Many of us are learning firsthand how different remote learning is from face-to-face learning. It affects content delivery, socialization, and the school-life balance. As a result, the advocacy you do related to remote learning may also look different. Many parents may have relied on the traditional parent-teacher conferences, physical report cards, or in-school IEP meetings to discuss how to best support their child. Now that many of these face-to-face opportunities have been limited or altogether removed from advocacy efforts, it may be a brave new virtual world that parents must navigate to received services and supports for their student. In addition to traditional advocacy strategies, what other the tools and strategies are there to help your online advocacy be more effective?
At a glance:
Communicate with Instructors Early and Often
The key to advocacy has always hinged on communication between families and school staff. The virtual environment is no different. Reaching out to teachers and school faculty early and often is still a great way to build rapport between your family and the school.
Knowing where to begin may be your first hurdle in online advocacy efforts, but you can always kick start things by simply sharing more about your child and your family. While it is generally a good practice under normal circumstances, the especially abnormal circumstances of 2020 have made this first step even more important. Let your child’s teacher know how the end of last school year affected them, how quarantine has been, whether or not someone in the family has been affected by the pandemic, and any other relevant updates that will help contextualize your child’s unique needs. You can use tools like Understood.org’s “Back to School Update” as a template. Even if your school year is already underway, there is no statute of limitation on an update, and they can be shared at any time or as frequently as your family needs!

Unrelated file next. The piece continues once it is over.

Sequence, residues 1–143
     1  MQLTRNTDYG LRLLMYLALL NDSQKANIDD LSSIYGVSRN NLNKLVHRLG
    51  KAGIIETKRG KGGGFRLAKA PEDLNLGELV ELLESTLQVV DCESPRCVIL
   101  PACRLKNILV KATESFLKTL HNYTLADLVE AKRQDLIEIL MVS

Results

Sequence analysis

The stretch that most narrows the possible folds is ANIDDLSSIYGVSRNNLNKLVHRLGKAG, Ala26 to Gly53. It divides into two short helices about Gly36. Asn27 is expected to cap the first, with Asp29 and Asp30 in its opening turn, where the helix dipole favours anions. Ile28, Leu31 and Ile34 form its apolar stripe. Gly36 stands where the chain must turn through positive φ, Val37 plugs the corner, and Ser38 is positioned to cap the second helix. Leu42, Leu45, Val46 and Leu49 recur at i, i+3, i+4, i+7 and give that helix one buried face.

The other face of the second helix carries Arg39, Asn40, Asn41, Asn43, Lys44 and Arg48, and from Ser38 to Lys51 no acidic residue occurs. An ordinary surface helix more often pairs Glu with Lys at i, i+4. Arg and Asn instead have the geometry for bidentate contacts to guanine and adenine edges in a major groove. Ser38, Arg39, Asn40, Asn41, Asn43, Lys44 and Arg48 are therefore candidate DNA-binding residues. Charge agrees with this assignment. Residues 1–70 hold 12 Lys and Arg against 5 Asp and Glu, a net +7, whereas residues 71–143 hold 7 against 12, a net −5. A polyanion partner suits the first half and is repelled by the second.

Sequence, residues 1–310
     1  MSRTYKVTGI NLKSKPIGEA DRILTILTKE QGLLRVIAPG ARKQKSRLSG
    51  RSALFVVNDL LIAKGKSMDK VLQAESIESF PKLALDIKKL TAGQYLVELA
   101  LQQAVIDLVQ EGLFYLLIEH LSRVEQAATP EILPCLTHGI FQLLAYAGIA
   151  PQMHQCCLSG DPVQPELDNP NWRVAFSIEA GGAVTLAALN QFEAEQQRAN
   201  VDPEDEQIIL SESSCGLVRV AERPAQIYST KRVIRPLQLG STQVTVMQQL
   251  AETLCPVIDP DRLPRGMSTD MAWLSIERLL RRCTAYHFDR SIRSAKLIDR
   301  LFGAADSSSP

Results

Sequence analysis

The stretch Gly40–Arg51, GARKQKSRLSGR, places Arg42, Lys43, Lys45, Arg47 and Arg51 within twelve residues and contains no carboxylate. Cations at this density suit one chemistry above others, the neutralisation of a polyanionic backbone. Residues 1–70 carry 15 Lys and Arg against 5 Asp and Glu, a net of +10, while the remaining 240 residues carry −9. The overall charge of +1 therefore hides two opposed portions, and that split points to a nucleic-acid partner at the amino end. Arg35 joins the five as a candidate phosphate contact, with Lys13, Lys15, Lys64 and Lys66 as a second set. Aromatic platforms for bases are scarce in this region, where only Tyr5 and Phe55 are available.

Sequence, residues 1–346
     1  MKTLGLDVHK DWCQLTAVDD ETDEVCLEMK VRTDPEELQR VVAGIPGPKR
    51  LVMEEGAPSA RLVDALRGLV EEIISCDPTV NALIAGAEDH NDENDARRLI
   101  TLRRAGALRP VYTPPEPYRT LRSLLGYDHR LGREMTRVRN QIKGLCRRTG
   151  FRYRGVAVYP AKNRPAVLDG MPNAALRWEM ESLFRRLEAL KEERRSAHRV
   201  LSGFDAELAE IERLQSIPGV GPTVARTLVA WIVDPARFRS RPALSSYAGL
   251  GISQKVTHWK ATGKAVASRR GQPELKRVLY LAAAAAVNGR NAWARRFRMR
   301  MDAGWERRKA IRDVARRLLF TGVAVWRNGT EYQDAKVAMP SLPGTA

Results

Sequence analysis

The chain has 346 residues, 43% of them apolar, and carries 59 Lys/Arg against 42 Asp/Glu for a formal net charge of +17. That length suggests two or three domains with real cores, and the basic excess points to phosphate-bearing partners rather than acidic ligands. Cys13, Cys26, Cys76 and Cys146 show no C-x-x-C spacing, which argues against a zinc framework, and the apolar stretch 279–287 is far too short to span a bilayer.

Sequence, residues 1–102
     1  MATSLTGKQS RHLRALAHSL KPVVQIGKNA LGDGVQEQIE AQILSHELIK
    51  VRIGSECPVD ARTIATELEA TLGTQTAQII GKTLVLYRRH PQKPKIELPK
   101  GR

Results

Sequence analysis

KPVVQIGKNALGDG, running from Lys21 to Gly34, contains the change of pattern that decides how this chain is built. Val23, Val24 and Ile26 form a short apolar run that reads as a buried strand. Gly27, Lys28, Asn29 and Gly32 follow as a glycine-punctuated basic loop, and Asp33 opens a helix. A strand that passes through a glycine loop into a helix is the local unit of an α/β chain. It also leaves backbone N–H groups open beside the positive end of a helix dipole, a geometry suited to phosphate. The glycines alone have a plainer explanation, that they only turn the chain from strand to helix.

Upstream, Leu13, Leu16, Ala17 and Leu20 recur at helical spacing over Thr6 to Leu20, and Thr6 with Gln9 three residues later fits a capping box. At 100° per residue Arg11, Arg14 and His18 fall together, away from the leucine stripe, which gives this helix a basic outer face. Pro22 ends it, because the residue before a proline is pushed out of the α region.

Leverage Technology to Suit Your Needs
The virtual environment imposes both limitations and opportunities on the way parents can communicate with the school. While many advocacy efforts begin with written communications like email, we know that some parents or educators prefer to communicate verbally for myriad reasons: neurodiversity, language differences, etc. It may seem as if video chat and phone calls are the only options in situations when verbal communication is preferred, which are not always ideal platforms to effectively hold a meeting. However, new tools are available that can assist parents through communication barriers like talk to text technologies or Microsoft Translator for Education.
We often talk about assistive technologies in terms of children and their schoolwork. However, many adults benefit from assistive technologies in different ways. As you are likely spending more time communicating remotely, it may be helpful to consider how technology can help you. Take a look at Understood.org’s article covering the basics of assistive technologies and consider how you might leverage those same tools in your own online endeavors.